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Offshore lawyers shape laws to boost earnings

| 20/01/2015 | 1 Comment
CNS Business

Alasdair Robertson, President, Cayman Law Society

(CNS Business): The Cayman Islands Law Society has continued its “constructive engagement” with government and has had a particularly busy year in 2014, the president said last week. Although lawyers are involved pro bono in reviewing and contributing to laws across the board, Alasdair Robertson said the work of the Financial Services Legislative Committee (FSLC) was some of the most important because it helped to generate new products and revenue for the country.

Speaking at the opening of the Grand Court last Wednesday, Roberston said the society had also been involved, at the request of the Law Reform Commission, on proposals over directors duties, which he said had become a relatively hot topic in recent years. Providing input on the need for statutory codification of such duties, Roberston revealed that the profession has, despite the controversies surrounding this issue, rejected the idea.

“The essential conclusion was that such duties are well established; clearly articulated, easily understood and capable of development by the courts and that this Court has taken and will no doubt continue to take a leading role in developing that jurisprudence if required,” he said.

The flagship of the laws reviewed by the FSLC last year, Robertson said, was the substantial revision to the Exempted Limited Partnership Law and the introduction of the Third Parties Rights Law.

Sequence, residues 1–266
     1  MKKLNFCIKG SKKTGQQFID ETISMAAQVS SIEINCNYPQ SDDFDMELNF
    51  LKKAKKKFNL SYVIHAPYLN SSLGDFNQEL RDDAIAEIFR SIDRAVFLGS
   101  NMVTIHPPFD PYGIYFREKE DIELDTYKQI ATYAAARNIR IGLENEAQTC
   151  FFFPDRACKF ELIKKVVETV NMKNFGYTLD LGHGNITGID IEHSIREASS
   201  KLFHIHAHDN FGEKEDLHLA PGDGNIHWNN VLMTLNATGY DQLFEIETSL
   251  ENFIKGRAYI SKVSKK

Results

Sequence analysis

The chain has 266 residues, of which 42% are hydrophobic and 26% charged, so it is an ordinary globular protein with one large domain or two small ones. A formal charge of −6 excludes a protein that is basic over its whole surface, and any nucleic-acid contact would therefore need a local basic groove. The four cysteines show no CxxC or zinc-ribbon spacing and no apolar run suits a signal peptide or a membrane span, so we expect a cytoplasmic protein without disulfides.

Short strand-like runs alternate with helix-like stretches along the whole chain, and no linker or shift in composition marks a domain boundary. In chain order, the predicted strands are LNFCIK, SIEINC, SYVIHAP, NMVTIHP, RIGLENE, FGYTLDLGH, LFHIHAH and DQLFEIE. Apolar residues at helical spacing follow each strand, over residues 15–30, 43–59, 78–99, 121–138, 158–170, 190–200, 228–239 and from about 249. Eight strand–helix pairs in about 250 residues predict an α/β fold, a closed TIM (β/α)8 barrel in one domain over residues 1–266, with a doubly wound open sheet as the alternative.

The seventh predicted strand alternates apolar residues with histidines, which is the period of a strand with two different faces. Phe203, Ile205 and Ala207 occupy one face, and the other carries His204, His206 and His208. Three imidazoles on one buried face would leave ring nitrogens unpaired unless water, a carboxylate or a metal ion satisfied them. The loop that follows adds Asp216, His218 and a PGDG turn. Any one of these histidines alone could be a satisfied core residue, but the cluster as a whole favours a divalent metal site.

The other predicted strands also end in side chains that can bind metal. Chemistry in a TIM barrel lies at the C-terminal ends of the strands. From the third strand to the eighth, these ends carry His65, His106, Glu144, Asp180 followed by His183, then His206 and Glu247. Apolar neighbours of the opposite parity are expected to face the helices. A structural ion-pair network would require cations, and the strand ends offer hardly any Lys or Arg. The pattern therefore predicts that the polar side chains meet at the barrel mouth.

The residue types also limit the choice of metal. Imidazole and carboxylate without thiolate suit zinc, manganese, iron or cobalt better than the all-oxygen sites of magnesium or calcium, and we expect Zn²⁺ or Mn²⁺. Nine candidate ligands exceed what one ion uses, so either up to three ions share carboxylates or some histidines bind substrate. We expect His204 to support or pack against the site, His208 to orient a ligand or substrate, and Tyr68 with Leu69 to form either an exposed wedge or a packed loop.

“We note that there is a substantial number of draft legislation prepared by the FSLC, including amendments to the Trust Law, a law introducing limited liability companies or LLCs as well as limited liability partnerships and further enhancements to the Companies Law that are in process and we very much hope to see enacted during the course of this year,” he said.

On the issue of beneficial ownership, Roberston said the Law Society had prepared a detailed report to the government during the consultation period highlighting in particular the value of their current licensed service provider scheme in meeting the objectives set out by the UK Prime Minister, David Cameron. The membership was happy, he said, that their views had been taken on board.

Touching on another thorny issue, he said the Law Society members “still struggle to understand the necessity to bring in any form of data protection legislation to our jurisdiction in any form, which does not lead to added regulation, bureaucracy and material cost to the people of the Cayman Islands in a time where government is trying to tighten its belt.” Robertson said, “Data Protection in the EU with a population of over 500 million people and a very large and diverse economy is one thing, the Cayman Islands with a population of around 60,000 and a much narrower economic focus is quite clearly another.”

Many of the members supported the adoption Daylight Savings Time, the president said, “for many good reasons but if for nothing else to avoid the now numerous conference calls that get missed due to the confusion over daylight savings and that fact that Microsoft Outlook in particular does not seem to be able to handle the time change very well.”

See all the speeches from the Grand Court Opening


Category: Finance, Financial Services, Law

Comments (1)

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  1. Anonymous says:

    Lawyers drafting laws. Lawyers arguing over laws. I maybe a simpleton but is this not a conflict. It is about time common sense and commerciality was introduce to the legal system. Lawyers will never deliver this

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